• however, additional controlled trials are needed to evaluate its efficacy for melasma.
Intense pulsed light (IPL)
• Intense pulsed light (IPL), a non-laser light source that emits light with wavelengths between 515 and 1200 nm.
• IPL appears to give modest improvement as an adjunctive therapy in patients with melasma refractory to topical therapy alone and may be useful in patients who do not mind the 1- to 2-week recovery time.

Copper bromide laser

• Copper bromide lasers can produce two wavelengths of light that may be emitted separately or together. The 511-nm green beam is used to treat pigmentary lesions, while the 578-nm yellow beam is used to treat vascular lasers.

• Copper bromide lasers may be of benefit for melasma, especially in patients with a visible vascular component, but require further study.

Summary

• Fractional laser therapy appears to be the most promising laser or light treatment for melasma; however, there is still a long-term risk of post procedure hyperpigmentation and a possible need for maintenance therapy.
• IPL treatment may also provide modest benefit as an adjunctive treatment.
• Copper bromide lasers may also be beneficial in a select population of patients, but larger studies are needed before this therapy can be widely recommended.
• Given their cost and the need for multiple treatments, laser and light therapies should be considered third-line treatments in severe refractory patients who have not responded to topical preparations or chemical peels and who are willing to accept the risks of these procedures.

ON THE HORIZON Because no panacea for melasma has yet been found, investigators continue to search for novel inhibitors of melanin synthesis. Several new compounds are being studied as possible treatments of melasma.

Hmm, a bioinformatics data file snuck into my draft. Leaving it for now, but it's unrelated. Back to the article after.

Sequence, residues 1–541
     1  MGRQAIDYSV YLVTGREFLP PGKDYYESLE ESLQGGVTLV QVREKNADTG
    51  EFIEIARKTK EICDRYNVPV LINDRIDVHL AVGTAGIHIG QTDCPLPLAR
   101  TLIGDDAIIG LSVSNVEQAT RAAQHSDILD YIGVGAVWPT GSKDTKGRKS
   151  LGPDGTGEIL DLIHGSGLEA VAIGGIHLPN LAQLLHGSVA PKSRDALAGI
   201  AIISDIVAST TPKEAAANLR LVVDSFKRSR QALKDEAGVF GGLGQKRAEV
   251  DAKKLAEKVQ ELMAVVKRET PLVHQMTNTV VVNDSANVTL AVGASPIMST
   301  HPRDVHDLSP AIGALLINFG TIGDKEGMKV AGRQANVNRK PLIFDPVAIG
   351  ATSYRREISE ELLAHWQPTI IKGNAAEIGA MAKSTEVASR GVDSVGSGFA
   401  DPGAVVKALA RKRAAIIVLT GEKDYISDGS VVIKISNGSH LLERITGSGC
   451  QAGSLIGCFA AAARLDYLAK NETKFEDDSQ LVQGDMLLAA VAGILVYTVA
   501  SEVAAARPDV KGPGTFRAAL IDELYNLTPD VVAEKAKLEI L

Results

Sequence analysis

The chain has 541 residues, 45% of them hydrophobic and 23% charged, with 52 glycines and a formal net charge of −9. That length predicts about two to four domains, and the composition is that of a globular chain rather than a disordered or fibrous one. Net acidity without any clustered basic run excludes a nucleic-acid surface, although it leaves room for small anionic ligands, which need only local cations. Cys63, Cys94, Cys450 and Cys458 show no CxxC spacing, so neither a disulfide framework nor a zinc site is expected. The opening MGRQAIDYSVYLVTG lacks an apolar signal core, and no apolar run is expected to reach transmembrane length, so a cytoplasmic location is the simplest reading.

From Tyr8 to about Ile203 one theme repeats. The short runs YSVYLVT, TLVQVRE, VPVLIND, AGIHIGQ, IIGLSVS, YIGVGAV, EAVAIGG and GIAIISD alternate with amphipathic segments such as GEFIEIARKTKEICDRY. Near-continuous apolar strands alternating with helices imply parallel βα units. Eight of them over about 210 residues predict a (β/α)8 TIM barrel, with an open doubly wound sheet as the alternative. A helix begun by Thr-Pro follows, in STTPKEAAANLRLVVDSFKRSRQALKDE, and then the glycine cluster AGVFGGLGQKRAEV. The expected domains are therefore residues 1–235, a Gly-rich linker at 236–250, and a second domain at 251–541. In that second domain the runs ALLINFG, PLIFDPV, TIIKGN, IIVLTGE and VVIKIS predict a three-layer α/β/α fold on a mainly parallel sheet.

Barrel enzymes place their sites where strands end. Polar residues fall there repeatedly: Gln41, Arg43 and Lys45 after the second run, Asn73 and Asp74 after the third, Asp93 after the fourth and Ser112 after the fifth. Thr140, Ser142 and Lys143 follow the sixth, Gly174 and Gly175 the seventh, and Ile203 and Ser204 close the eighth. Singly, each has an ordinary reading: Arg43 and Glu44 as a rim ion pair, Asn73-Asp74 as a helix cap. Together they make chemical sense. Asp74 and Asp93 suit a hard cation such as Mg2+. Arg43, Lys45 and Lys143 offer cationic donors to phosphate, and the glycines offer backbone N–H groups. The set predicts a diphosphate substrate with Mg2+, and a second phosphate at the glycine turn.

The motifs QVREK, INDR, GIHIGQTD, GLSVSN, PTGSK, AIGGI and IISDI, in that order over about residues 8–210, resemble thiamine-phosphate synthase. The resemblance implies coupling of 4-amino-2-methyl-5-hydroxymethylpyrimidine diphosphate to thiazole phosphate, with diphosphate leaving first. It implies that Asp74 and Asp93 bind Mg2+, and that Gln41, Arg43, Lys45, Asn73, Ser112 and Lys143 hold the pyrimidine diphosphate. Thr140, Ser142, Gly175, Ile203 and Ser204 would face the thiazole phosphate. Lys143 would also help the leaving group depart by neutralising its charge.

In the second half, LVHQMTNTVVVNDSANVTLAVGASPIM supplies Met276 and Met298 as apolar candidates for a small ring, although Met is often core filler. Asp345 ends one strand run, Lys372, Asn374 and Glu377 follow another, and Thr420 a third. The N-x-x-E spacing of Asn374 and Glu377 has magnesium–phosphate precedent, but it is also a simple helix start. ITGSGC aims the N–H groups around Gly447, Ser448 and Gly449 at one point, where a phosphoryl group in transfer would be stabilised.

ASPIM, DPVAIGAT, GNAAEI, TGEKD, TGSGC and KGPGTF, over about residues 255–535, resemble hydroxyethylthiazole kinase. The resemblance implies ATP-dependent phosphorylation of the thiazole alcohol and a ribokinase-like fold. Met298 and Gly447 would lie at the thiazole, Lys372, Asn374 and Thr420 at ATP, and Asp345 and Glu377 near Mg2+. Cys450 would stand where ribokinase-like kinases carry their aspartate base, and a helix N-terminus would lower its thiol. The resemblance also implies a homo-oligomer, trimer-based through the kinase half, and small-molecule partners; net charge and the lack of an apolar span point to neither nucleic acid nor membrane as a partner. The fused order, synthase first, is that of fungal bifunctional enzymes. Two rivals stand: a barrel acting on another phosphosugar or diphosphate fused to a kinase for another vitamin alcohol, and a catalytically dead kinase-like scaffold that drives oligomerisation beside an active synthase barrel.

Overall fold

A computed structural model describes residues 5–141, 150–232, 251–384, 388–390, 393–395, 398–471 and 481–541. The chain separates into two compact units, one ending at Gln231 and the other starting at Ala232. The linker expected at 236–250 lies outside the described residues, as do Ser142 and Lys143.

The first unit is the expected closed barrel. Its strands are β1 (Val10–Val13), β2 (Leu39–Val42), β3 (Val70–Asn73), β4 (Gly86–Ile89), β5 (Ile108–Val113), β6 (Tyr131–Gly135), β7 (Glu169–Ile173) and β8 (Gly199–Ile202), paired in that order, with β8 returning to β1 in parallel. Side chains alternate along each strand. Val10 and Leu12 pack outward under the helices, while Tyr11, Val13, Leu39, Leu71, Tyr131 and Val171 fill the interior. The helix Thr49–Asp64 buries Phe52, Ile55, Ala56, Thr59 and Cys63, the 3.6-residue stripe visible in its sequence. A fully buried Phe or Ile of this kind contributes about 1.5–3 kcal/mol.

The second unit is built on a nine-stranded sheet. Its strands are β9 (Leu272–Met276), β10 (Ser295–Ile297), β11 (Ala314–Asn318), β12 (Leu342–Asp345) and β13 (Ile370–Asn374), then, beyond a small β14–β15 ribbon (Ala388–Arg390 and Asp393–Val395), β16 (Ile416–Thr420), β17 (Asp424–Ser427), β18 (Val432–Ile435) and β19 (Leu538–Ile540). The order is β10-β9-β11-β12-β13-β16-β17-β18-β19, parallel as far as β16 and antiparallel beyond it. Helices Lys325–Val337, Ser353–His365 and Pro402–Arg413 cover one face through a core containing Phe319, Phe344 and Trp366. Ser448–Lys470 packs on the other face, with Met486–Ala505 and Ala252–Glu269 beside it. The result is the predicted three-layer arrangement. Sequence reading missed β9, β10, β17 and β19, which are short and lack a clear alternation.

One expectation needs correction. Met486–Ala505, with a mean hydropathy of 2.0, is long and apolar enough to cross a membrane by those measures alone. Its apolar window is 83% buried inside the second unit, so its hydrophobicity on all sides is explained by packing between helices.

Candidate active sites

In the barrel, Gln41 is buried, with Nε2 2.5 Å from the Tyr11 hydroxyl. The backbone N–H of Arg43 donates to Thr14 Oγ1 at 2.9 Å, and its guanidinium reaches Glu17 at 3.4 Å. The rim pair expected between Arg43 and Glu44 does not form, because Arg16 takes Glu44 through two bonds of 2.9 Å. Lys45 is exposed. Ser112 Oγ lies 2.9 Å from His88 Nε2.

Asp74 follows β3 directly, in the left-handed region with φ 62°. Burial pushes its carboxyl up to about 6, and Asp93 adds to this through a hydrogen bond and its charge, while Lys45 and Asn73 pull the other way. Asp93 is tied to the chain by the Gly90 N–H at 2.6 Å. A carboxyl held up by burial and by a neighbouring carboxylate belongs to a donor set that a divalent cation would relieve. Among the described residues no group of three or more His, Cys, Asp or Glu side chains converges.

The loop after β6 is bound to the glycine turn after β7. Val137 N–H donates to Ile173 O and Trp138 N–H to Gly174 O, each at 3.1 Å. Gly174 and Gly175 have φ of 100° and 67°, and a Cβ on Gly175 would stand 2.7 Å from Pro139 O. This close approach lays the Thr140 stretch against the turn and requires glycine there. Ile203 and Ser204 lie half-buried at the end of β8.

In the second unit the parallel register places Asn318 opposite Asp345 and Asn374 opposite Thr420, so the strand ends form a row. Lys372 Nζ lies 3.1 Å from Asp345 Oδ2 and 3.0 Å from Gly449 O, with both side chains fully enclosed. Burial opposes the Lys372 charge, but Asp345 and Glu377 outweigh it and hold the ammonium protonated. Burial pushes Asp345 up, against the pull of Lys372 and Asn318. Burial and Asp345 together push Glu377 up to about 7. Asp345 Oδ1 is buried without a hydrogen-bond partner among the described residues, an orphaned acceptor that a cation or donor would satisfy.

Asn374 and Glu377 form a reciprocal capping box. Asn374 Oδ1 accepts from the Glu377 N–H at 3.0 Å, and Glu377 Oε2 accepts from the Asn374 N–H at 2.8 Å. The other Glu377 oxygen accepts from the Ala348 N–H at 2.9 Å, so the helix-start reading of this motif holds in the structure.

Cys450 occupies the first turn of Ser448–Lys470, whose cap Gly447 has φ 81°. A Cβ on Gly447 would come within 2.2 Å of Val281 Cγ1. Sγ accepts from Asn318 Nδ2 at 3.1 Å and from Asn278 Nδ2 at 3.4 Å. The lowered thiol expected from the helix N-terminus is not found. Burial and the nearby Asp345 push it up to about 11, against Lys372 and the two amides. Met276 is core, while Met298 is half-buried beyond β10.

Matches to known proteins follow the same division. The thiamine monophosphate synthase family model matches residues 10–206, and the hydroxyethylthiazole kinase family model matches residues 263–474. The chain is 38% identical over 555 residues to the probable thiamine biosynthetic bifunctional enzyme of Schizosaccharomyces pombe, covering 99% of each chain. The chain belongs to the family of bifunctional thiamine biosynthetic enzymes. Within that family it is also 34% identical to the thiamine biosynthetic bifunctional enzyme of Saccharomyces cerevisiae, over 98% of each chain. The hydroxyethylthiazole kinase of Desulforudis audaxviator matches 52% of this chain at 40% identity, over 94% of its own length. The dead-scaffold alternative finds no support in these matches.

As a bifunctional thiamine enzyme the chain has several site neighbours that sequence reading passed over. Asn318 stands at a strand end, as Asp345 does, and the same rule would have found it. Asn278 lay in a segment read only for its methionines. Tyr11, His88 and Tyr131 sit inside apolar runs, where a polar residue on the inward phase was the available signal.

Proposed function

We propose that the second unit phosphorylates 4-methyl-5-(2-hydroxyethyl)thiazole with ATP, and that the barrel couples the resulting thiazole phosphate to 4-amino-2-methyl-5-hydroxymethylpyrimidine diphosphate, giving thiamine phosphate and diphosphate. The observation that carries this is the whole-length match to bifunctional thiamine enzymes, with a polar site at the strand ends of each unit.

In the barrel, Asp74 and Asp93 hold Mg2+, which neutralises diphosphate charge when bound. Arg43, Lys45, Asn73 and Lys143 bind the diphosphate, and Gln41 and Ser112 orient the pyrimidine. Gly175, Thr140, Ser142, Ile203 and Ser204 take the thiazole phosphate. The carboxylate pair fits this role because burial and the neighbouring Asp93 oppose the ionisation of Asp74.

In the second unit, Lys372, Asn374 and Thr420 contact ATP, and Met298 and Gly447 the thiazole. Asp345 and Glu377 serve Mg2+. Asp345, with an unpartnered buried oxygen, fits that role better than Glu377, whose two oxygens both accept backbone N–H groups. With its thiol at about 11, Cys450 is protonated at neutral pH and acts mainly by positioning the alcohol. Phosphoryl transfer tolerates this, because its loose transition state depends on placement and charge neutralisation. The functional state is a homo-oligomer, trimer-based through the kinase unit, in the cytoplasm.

Rucinol
• Rucinol, a derivative of resorcinol that inhibits tyrosinase and TRP-1 in a dose-dependent manner in B16 mouse melanoma cells, has been shown in a vehicle-controlled, split-face, doubleblind randomized trial to have a modest effect on epidermal and mixed melasma lesions in patients with Fitzpatrick skin phototypes III to V.
• Interestingly, broad-spectrum sun protection alone used on the control side also showed a significant benefit (level of evidence, I).
Tranexamic acid
• Tranexamic acid is a plasmin inhibitor and lysine analog that has been shown to prevent UV-induced pigmentation in guinea pigs. In keratinocytes, it prevents the binding of plasminogen to keratinocytes, which leads to less free arachidonic acid and subsequent decreased production of prostaglandins. This in turn leads to a decrease in tyrosinase activity in melanocytes.
• Of note, topical tranexamic acid can cause allergy or irritation, so newer liposomal delivery systems have been created to improve tolerability.

• Intradermal tranexamic acid injections have been investigated in 100 patients with Fitzpatrick skin phototypes IV to VI and mixed or dermal melasma. Investigators found that changes in MASI were statistically significant (mean MASI 13.22 at baseline compared to 7.57 after 12 weeks of weekly injections), but clinically significant improvement was not seen until 4 weeks of treatment. No long-term follow-up was performed (level of evidence, II-iii).

Beta-carotene
• Beta-carotene is a structural analogue of vitamin A that decreases melanin production and is under investigation for use in treating disorders of hyperpigmentation.
DMHF (2,5-dimethyl-4- hydroxy-3(2H)-furanone)
• Using B16 melanoma cells, DMHF has been shown to decrease alpha melanocyte-stimulating hormone (a-MSH)e induced melanin content and tyrosinase activity without being cytotoxic. Even more intriguing are the findings that DMHF can inhibit production of microphthalmia- associated transcription factor and tyrosinase, reduce the production of TRP-1 (but not TRP-2), and block a-MSHe induced increases in melanin in normal human melanocytes.
• No published clinical trials are available.